Tuition-assistance program moving quickly through legislature

Gov. Mike Parson meets with education and business leaders Thursday to discuss the latest on his proposed Fast Track tuition-assistance program. Two House committees approved it this week with no dissenting votes. (Garrett Bergquist/KRCG 13)

Gov. Mike Parson on Thursday said he's pleased with the progress of a proposal meant to cover tuition costs for older college students.

Legislation to create the program, known as Fast Track, cleared two House committees this week without any opposing votes. The program, which Parson called for in his State of the State address, would cover about two years of tuition for adults who lack college degrees and want to go back to school to earn them.

Following an afternoon roundtable discussion with business and education leaders, Parson said although Missouri's high school graduation rate is strong, the state continues to lag in post-secondary education.

"The simple reality is that post-secondary education is required for many jobs in the 21st century, and we have fallen behind here in Missouri in preparing our people for the demands of the workforce," he said.

Under the current proposal before lawmakers, Fast Track would be available to anyone age 25 or older who makes $80,000 a year or less and does not have a college degree. Fast Track grants would cover all tuition and fees remaining after a student has applied other governmental aid, including federal and state student aid. The tuition assistance would end once a student earned a bachelor's degree or completed four semesters, whichever occurs first.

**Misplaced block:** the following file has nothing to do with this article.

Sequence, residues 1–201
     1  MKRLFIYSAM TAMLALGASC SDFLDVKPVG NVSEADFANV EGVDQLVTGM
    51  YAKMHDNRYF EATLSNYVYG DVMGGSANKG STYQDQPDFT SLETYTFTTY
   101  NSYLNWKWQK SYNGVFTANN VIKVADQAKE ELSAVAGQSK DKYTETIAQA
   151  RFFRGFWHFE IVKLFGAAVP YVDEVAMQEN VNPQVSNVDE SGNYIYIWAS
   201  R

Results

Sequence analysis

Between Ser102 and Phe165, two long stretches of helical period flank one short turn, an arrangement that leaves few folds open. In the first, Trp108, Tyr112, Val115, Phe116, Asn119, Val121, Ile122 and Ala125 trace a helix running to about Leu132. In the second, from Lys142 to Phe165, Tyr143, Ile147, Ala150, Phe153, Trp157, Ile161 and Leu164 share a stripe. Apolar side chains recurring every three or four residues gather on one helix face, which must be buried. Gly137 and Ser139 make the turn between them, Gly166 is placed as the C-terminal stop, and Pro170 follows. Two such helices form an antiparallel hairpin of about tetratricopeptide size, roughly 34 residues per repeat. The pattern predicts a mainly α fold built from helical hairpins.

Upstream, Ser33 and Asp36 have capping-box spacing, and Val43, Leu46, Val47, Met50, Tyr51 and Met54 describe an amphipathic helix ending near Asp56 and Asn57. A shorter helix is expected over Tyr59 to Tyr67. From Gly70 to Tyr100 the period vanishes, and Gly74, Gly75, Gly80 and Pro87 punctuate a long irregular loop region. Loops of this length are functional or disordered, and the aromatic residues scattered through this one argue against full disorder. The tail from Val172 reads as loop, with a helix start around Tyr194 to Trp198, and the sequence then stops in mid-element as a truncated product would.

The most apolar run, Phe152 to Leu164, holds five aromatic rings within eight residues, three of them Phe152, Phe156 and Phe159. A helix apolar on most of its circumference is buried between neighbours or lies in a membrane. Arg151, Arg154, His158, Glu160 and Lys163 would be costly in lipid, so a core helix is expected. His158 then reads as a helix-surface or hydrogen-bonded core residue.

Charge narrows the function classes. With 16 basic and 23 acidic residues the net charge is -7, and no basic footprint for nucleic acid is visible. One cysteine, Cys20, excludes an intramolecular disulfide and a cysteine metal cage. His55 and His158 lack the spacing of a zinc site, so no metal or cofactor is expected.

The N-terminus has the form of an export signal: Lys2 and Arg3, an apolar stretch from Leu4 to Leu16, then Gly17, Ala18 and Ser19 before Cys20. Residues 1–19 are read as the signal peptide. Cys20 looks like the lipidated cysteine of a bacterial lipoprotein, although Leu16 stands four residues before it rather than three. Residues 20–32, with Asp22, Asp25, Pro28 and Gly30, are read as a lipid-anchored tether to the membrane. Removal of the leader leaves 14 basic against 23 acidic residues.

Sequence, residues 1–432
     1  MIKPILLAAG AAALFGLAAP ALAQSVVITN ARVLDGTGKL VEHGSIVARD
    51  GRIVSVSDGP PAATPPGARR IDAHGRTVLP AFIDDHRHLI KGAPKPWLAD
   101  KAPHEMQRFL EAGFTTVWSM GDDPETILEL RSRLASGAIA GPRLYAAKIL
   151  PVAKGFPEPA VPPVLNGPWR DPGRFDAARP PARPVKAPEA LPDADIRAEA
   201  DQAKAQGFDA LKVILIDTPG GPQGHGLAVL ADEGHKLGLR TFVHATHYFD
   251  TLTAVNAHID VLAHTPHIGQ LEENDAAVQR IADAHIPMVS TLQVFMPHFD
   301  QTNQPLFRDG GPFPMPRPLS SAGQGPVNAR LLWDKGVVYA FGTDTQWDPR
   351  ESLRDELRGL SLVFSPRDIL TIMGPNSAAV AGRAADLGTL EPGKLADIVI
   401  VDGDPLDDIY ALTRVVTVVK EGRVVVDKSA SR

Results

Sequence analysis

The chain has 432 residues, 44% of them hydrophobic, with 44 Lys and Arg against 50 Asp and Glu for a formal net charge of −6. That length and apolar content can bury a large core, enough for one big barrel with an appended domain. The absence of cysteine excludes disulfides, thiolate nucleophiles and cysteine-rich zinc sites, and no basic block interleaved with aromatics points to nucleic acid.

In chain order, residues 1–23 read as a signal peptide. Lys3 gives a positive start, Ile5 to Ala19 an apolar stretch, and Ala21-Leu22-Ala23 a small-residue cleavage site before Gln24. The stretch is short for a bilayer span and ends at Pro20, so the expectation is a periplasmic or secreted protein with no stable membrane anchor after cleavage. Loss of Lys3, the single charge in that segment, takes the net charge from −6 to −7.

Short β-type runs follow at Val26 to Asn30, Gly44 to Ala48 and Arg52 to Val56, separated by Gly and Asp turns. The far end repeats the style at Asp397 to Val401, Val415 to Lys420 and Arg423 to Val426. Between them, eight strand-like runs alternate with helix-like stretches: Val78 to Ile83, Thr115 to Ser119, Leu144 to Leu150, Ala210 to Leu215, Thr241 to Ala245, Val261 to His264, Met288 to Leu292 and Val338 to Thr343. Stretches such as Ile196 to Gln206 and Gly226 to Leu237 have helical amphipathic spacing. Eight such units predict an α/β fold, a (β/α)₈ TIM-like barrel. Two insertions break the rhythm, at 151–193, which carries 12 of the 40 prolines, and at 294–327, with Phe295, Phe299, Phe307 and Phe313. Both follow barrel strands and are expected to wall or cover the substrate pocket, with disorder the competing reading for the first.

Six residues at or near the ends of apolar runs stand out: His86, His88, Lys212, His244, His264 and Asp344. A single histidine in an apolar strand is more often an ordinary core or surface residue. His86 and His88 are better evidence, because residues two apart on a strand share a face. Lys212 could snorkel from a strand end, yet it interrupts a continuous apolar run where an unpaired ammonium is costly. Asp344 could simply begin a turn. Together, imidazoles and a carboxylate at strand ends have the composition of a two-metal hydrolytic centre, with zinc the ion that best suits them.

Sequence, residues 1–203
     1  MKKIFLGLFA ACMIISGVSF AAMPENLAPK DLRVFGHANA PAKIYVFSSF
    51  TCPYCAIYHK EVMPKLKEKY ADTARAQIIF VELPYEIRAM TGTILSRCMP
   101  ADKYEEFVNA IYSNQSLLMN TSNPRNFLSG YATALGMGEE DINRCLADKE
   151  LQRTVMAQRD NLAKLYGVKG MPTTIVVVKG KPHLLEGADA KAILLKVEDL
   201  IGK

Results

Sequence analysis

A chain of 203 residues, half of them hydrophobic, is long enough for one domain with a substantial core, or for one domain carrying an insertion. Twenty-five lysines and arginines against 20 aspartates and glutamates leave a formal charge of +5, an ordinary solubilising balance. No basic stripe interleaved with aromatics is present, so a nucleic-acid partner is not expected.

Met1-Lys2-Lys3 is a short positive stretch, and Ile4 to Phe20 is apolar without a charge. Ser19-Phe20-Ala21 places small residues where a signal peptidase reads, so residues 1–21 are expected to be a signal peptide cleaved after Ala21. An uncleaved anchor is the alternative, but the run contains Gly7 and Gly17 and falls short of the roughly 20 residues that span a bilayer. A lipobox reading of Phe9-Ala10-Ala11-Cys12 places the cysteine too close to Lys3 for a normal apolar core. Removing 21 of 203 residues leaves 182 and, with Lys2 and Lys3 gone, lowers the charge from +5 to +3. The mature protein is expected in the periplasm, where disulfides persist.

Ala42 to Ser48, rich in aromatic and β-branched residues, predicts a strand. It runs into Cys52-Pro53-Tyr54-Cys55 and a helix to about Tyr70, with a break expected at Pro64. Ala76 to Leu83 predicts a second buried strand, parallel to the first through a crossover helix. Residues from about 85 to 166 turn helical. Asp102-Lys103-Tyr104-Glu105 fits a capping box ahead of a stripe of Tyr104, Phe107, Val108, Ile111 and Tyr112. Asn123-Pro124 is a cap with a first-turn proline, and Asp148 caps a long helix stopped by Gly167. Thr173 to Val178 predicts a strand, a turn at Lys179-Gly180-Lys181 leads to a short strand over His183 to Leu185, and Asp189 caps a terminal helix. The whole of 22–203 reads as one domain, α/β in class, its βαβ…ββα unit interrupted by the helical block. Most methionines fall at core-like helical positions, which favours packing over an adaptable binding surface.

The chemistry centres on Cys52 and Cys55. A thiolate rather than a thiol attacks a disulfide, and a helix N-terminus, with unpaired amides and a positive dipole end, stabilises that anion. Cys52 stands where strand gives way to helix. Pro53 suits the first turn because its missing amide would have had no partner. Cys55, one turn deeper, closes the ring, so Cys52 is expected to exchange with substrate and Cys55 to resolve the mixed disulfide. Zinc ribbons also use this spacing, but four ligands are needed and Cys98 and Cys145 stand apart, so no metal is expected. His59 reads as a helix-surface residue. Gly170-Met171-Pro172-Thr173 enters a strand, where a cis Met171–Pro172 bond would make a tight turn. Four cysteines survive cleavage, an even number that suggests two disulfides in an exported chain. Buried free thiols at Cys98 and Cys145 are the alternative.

Shawn Strong, the president of State Technical College of Missouri, said financial hurdles are among the chief obstacles people face in deciding whether or not to go back to school.

"Our students are full-time. They come in, they start at 8 in the morning and go until the middle of the afternoon, and a working adult just can't do that," he said.

Strong said making aid available might make the idea of going back to school in an effort to improve a person's long-term career prospects more enticing. Right now, he said adults aged 25 and older account for a little less than 7 percent of his students. If Fast Track passes, he said that figure could rise to 10-15 percent.

Democrats in both chambers have raised concerns about the program, currently projected to cost $22.2 million, taking money away from core higher education funding. They also have questioned the program's minimum age of 25. House Minority Leader Crystal Quade has said Missouri has many students under that age cutoff who could use the money to cover their college tuition. Parson on Thursday said he is open to the idea of lowering the minimum age for Fast Track to 20, as some have proposed.

The Fast Track bill has not yet reached the full House floor. A Senate committee heard similar legislation last week but has not yet voted on it.

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